Simple Statistics with Excel and Minitab

Elementary Concepts in Statistics

Multiple Regression

ANOVA

Elementary Concepts in Statistics

Overview of Elementary Concepts in Statistics. In this introduction, we will briefly discuss those elementary statistical concepts that provide the necessary foundations for more specialized expertise in any area of statistical data analysis. The selected topics illustrate the basic assumptions of most statistical methods and/or have been demonstrated in research to be necessary components of one's general understanding of the "quantitative nature" of reality (Nisbett, et al., 1987). Because of space limitations, we will focus mostly on the functional aspects of the concepts discussed and the presentation will be very short. Further information on each of those concepts can be found in the Introductory Overview and Examples sections of this manual and in statistical textbooks. Recommended introductory textbooks are: Kachigan (1986), and Runyon and Haber (1976); for a more advanced discussion of elementary theory and assumptions of statistics, see the classic books by Hays (1988), and Kendall and Stuart (1979).

• What are variables?

• Correlational vs.

experimental research

• Dependent vs. independent

variables

• Measurement scales

• Relations between variables

• Why relations between

variables are important

• Two basic features of every

relation between variables

• What is "statistical

significance" (p-value)

• How to determine that a

result is "really" significant

• Statistical significance and

the number of analyses

performed

• Strength vs. reliability of a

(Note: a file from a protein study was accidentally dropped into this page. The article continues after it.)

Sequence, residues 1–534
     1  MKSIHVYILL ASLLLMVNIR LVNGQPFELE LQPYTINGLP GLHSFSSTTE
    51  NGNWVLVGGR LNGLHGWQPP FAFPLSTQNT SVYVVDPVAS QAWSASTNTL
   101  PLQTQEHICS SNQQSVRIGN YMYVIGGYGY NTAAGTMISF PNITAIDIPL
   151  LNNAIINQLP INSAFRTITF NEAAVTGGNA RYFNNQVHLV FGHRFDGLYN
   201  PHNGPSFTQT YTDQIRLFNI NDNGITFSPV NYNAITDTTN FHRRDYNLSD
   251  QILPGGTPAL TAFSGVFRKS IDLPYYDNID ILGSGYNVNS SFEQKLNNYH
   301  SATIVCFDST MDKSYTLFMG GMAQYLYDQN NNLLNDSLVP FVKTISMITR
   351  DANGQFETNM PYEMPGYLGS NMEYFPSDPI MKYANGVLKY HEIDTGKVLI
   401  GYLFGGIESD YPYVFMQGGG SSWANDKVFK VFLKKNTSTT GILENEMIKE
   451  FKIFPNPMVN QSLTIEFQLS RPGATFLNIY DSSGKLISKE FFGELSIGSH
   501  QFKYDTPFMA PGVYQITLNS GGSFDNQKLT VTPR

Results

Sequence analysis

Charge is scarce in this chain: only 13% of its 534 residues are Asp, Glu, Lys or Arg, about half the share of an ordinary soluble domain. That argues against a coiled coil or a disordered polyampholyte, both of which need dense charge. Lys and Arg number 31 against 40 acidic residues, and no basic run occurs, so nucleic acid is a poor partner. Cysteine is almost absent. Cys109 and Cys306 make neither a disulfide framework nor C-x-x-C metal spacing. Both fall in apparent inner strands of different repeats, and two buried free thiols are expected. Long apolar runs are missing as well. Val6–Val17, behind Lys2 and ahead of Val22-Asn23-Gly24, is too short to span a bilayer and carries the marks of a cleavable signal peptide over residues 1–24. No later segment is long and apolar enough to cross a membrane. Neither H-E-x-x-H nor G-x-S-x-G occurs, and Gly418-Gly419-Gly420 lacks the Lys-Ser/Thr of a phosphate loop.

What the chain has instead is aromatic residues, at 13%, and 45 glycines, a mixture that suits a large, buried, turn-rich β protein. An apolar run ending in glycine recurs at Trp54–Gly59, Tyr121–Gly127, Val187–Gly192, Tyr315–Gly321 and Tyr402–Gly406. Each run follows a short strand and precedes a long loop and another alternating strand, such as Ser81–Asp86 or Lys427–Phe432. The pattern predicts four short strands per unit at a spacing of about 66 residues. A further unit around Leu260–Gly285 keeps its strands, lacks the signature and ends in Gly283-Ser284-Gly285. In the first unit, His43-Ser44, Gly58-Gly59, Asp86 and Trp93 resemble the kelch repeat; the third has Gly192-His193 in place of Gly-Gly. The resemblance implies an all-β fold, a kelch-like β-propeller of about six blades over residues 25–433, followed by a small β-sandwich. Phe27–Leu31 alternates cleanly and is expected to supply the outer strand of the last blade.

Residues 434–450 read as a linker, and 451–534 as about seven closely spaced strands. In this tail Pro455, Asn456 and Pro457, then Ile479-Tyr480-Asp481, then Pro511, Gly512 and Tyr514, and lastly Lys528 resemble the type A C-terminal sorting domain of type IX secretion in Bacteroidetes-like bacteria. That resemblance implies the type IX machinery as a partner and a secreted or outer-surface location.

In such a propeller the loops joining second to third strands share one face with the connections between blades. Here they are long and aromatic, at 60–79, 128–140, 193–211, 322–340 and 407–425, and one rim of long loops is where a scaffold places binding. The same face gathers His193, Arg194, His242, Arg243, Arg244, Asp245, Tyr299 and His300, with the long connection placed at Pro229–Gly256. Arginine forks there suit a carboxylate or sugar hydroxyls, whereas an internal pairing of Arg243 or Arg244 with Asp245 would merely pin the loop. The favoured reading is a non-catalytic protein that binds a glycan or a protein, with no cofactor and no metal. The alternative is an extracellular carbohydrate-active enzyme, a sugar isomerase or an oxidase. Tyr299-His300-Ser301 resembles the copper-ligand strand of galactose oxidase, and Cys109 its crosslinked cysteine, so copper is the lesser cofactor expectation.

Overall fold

• Why significance of a relation between

variables depends on the size of the sample

• Example: "Baby boys to baby girls ratio"

• Why small relations can be proven

significant only in large samples

• Can "no relation" be a significant result?

• How to measure the magnitude (strength) of

relations between variables

• Common "general format" of most statistical

tests

• How the "level of statistical significance" is

calculated

• Why the "Normal distribution" is important

• Illustration of how the normal distribution is

used in statistical reasoning (induction)

• Are all test statistics normally distributed?

• How do we know the consequences of

violating the normality assumption?

Statistics with Ms Excel 2

relation between variables

• Why stronger relations

between variables are more

significant

Use of Excel for Statistical Analysis

Neil Cox, Statistician, AgResearch Ruakura

Private Bag 3123, Hamilton, New Zealand

16 May 2000

This article gives an assessment of the practical implications of deficiencies reported by McCullough and Wilson (1999) in Excel’s statistical procedures. I outline what testing was done, discuss what deficiencies were found, assess the likely impact of the deficiencies, and give my opinion on the role of Excel in the analysis of data. My overall assessment is that, while Excel uses algorithms that are not robust and can lead to errors in extreme cases, the errors are very unlikely to arise in typical scientific data analysis in AgResearch.

THE DEFICIENCIES OF EXCEL’S STATISTICAL ALGORITHMS

What Aspects Were Examined?

Excel’s calculation of distributions (tail probabilities), mean and standard deviation calculations, analysis of variance, linear regression, non-linear regression (using Solver) and random numbers were scrutinised using data sets designed to reveal any shortcomings in the numerical procedures used in the calculations of statistics packages. The distributions were tested by Knusel (1998), the other aspects by McCullough and Wilson (1999). McCullough (1998, 1999) describes the methodology and the performance of SAS, SPSS and S-Plus.

How Did Excel Rate?

Generally Excel performed worse than the 3 statistics packages (SAS, SPSS, S-Plus) also examined, particularly in the non-linear regression problems. See below for...